Tuesday, 28 September 2004

The Volokh Challenge : Iraq

Orin Kerr over at the Volokh Conspiracy asks 3 cogent questions of those who were in favour of the Iraq War.
First, assuming that you were in favor of the invasion of Iraq at the time of the invasion, do you believe today that the invasion of Iraq was a good idea? Why/why not?

Second, what reaction do you have to the not-very-upbeat news coming of Iraq these days, such as the stories I link to above?

Third, what specific criteria do you recommend that we should use over the coming months and years to measure whether the Iraq invasion has been a success
My Answers:

Q1: Yes, I think it was an excellent idea - in fact, I'd even say it was not just a good idea, it was neccessary. My only quibble is that it didn't happen before, but because of League of Nations UN inertia, it couldn't have been arranged much sooner.
As to why? I think this is a complete answer. There are more reasons (according to Senator Kerry's count 23 in toto, according to my count at least 54 ), but this alone is sufficient.

Q2: My initial reaction is frankly, disbelief. So much so that I have to be careful not to automatically dismiss data that may be at least partially correct. There is ample evidence - I won't go into it here - that the stringers employed by the major news agencies outside Baghdad are extremely unreliable, and that the press corps in Iraq hardly ventures more than a few kilometres from their hotel rooms. Just go read any of the Iraqi blogs. Compare the track records of the news agencies with what we know are the facts now.
But the Kroll data adduced in the Washington Post (assuming it's correct - without primary sources available on the web, I can't verify the Post is accurate) - is both far more credible, and significant bad news. 700 attacks/week now vs 450/week just before the Iraqi 'caretaker' government was installed. And everyone - myself included - expects this rate to increase to a crescendo. Whether the crescendo will be just before November 2nd or in mid-January is another matter. My bet's the latter. The attacks on schools and hospitals, and the raids on infrastructure indicates that it's no longer Ba'athists hoping for a return of Saddam, nor even Jihadis striking a blow against the Infidel Zionist Crusaders polluting Holy Arab Soil by their presence. It's Al Qaeda. They genuinely want a populace ignorant, poor, and miserable, because that way they become spiritually virtuous, and are guaranteed a place in paradise.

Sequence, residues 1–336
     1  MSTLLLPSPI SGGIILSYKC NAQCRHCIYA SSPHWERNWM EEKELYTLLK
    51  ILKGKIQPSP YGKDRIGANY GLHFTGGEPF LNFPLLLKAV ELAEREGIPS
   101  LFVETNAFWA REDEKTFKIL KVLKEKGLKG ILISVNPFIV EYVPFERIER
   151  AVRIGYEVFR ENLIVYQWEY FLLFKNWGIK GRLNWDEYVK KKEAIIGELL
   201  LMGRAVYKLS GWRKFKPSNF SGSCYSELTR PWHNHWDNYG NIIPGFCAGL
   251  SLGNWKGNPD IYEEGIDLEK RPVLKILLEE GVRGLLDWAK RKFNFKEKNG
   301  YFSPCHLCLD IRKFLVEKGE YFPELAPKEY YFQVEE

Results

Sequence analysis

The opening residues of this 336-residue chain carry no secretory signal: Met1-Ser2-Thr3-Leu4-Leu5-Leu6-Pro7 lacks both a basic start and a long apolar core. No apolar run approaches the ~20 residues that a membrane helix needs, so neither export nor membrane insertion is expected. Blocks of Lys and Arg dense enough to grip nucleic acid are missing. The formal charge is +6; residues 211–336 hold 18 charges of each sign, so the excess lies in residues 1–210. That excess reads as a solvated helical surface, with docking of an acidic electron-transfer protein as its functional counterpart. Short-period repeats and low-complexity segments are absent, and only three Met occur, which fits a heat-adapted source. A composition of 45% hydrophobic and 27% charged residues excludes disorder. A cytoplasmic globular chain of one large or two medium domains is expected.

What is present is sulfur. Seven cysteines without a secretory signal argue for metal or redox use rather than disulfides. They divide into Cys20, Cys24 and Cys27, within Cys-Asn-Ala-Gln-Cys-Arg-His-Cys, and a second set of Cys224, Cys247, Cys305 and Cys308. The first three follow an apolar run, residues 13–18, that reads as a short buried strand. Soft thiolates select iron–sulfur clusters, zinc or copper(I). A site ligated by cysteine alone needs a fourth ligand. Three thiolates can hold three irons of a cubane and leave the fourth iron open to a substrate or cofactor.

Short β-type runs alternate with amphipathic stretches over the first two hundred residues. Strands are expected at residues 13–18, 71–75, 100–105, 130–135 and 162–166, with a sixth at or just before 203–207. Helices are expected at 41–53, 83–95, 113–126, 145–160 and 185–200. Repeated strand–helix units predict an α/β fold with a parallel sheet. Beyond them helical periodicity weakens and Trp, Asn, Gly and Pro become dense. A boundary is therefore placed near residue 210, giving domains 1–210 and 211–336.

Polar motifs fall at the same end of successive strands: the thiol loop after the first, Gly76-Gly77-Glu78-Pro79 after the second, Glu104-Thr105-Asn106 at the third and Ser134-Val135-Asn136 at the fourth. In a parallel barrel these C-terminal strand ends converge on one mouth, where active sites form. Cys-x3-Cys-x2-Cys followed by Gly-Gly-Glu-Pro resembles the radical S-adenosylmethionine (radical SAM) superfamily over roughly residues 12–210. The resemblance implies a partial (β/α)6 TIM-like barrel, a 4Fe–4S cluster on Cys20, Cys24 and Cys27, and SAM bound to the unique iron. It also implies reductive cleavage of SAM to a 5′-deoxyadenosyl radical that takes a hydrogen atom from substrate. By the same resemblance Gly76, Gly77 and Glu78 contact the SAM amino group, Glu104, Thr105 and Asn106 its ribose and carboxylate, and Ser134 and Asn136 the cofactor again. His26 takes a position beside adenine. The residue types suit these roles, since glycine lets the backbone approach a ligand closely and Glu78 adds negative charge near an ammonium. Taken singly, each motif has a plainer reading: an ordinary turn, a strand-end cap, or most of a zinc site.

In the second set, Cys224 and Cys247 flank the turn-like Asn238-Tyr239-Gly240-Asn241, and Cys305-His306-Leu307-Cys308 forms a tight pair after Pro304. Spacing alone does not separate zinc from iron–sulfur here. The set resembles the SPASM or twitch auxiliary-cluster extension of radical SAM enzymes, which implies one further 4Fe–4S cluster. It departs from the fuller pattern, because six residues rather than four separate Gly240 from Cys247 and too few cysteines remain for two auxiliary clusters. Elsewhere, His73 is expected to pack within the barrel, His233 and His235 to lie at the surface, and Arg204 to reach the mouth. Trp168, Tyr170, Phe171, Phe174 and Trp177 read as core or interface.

This incredible (as in 'difficult to swallow') statement is what they have proclaimed publicly, though it hasn't been publicised much in MSM.
"It is not the American war machine that should be of the utmost concern to Muslims. What threatens the future of Islam, in fact its very survival, is American democracy"
If established in any Muslim country for a reasonably long time, democracy could lead to economic prosperity, which, in turn, would make Muslims "reluctant to die in martyrdom" in defense of their faith.

The Future of Iraq and The Arabian Peninsula After The Fall of Baghdad, Yussuf al-Ayyeri
Like the Tet Offensive, a move of desperation. Like the Tet Offensive, likely to be a military disaster for the enemy. The question is, will it also like the Tet Offensive be a propaganda disaster for the US, leading to a change of government and a significant defeat in the War? Maybe the crescendo will be in late October after all...

Q3: Criteria for success? In order of importance:
  1. Iraq having an economy as successful and a society as functional as West Germany's was in 1960, by 2018.
  2. No nuclear detonation using Iraqi components by 2060
  3. No biological attack using Iraqi components by 2060
  4. No successful chemical weapons strike using Iraqi components by 2060
  5. De-Baathification complete by 2005, including the eradication of Saddam and Sons (partially completed)
  6. A functional Democracy installed no later than 2007 (we're ahead of schedule on this one)
  7. No Civil War (the current situation doesn't qualify, but is worse than is acceptable)
The reason I put the cut-off date in 2060 is because no-one in 1945 could have foreseen what either Germany or Japan would look like in 2002.

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